The plane, a 737, was completely full, of course, and I had drawn the middle seat. A note on personal anatomy: I am 6'2," all in the femurs, which makes sitting in a coach seat a feat of contortion in the best of circumstances, and these were not the best. To my right sat Lucio, a Brazilian history graduate student at UCLA. To my left was a 70-something, retired nurse, returning to her island birth place for the first time in 17 years. Lucio had somehow managed to come aboard with two very large carryons, one of which he positioned between his legs like a saddle. That bag, a backpack, actually, held his computer and research notes for a paper he was giving (turns out Lucio and I were headed for the same conference). The notes, the backpack and the computer were in perpetual motion as their owner put some finishing touches on his text. After discovering our mutual destination, Lucio explained the importance of his research on information transfer and paused briefly to ask what I do. "I work on information transfer, too; I'm a librarian," I offered. "Oh," he said. Librarians get that a lot.

The retired nurse, I never caught her name, turned out to be quite a talker. She was naturally excited about seeing her relatives after such a long separation, and she persistently released long streams of words that described memories of her youth and her long residence in the Eagle Rock suburb of Los Angeles. Her carryon, only one, was filled with food. How had the dog missed this? I was offered fruit and baked goods before I learned something else about my aisle seat mate. She was incontinent, and the fear of a discharge mandated hourly trips to the lavatory. I took advantage of her second departure to cut off our conversation with ear buds-- those things really send a message. We reached our destination in five hours, twenty minutes, an almost manageable duration. Now I was on Caribbean soil, but not home free. Between me and sleep lay customs.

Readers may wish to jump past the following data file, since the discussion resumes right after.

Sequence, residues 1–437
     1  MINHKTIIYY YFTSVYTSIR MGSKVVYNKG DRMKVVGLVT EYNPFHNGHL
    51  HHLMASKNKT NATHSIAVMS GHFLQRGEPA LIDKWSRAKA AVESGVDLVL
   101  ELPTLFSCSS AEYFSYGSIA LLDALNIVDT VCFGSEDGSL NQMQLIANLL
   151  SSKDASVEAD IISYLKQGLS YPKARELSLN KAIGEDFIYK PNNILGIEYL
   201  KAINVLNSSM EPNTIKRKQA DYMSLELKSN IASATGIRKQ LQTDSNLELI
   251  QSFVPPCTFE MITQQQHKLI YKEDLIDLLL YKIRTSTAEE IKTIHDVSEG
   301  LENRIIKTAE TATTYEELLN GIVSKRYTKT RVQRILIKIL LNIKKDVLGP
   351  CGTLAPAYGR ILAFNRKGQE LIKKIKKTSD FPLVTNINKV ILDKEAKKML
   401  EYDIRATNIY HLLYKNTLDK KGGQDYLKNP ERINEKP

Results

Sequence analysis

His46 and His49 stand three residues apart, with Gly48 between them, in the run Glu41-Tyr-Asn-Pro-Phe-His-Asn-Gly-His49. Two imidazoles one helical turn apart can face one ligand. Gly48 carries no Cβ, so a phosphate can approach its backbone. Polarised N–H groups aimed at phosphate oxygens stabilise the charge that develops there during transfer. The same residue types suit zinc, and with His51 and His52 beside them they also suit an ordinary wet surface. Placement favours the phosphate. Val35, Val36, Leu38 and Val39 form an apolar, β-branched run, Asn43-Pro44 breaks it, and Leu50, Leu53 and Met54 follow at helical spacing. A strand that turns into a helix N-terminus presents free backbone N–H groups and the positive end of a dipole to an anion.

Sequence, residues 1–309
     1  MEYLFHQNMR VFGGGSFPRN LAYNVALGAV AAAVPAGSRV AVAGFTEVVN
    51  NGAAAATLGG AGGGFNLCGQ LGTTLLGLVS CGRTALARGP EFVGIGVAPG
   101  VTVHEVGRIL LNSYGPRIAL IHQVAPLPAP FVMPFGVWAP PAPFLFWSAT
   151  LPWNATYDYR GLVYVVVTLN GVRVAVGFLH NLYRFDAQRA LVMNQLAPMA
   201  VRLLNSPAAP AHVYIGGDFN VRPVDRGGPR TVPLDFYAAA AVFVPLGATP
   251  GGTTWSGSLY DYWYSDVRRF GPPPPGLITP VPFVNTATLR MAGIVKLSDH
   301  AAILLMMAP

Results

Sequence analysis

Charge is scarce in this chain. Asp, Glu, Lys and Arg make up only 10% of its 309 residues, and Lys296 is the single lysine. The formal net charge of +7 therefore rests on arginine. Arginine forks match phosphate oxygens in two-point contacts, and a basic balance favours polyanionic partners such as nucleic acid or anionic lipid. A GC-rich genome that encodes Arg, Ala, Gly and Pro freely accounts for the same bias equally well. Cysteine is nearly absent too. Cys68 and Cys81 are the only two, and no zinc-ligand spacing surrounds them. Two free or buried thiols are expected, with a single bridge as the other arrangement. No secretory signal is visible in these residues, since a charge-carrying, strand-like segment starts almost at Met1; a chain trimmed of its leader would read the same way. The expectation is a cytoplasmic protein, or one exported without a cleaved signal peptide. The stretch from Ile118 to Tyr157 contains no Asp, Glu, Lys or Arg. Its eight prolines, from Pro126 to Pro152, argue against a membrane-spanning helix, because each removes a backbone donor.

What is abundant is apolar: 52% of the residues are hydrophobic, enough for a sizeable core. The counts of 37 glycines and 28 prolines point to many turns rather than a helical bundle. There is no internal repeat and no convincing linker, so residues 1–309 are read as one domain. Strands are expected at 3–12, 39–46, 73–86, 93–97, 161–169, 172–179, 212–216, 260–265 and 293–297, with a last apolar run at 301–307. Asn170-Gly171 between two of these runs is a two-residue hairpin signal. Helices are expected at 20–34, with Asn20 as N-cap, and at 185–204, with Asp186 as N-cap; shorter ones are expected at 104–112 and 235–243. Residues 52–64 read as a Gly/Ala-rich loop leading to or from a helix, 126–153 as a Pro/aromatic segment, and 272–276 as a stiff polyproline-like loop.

A 737, even one filled to capacity, holds no more than 150 souls. There were eight officers reviewing documents, and yet it took nearly 90 minutes for the last passenger to clear. That's over 12 minutes each. My experience was typical. The officer carefully reviewed the manifest I handed her, perusing the 8-digit passport number, the flight information and my "on business" selection as the reason for my visit. "What kind of business?" she wanted to know. Then we moved on to an item not on the form, an assurance that I would be leaving the island. The agent wanted a ticket but settled for a copy of my itinerary and copied the departure time, airline and flight number onto the margin of my declaration. One last item remained, my in-country contact. "I'm staying in a hotel, the Hilton," I offered up with a smile. But the form asked for a personal contact, and the agent seemed determined to have one. We were at an impasse, two English-speaking people, silently staring at each other through a pane of safety glass. Finally, she blinked, and with a grumbled "I'll just fill in Hilton," she stamped my passport and signaled me through to baggage claim.